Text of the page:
The Agreement also contemplates carrying out a multi-purpose census to bring together all the different territorial registers in order to have an up to date and complete database detailing the state of use, access and distribution of land in Colombia.[4]  It is an attempt to bring together information from the communities on the ground with official statistics managed by the State. After carrying out the census, the Agreement proposes the design of Territorially Focused Development Plans (PDET) for how the territories will be organised, with broad and genuine participation by all sectors and actors present.[5] These two parts are important steps for improving Colombia’s present situation, but are not particularly novel on the legal front and do not represent new commitments by the State. The problem is that, for a number of reasons, these commitments have never been fulfilled in the country’s history.[6]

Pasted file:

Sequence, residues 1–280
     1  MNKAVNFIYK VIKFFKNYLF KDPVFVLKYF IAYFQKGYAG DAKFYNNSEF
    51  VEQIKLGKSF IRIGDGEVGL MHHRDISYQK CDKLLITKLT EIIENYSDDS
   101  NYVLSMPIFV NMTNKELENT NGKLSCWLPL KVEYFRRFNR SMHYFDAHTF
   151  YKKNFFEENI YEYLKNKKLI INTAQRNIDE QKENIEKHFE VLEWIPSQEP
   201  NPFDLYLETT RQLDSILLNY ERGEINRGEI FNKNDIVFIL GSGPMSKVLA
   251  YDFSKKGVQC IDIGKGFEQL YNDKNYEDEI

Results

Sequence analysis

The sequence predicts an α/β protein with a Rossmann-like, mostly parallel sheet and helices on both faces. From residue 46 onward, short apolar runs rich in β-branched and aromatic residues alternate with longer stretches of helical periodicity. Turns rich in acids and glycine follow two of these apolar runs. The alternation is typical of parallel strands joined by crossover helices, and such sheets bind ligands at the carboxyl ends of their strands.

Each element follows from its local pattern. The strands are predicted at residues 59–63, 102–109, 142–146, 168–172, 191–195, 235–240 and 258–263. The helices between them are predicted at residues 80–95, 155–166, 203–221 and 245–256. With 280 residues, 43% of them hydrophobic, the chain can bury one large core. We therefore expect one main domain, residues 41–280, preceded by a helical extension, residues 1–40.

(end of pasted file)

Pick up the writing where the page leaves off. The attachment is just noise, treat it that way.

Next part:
Octubre 2014, campamento ecológico, Magdalena medio
In the Colombian context, the State has a historical and social responsibility to solve the problem of land for ethnic and small-scale farming communities in the country. These communities have been affected by the armed conflict and by the absence of protection guarantees in their territories. Photo taken in the Magdalena Medio region. Photo: Florian Zeidler

The State has committed to creating and promoting integrated rural development plans which include infrastructure, health and education projects, as well as projects to increase food security within the Peace Agreements, and also to show its commitment to rural populations who have traditionally been neglected.[7]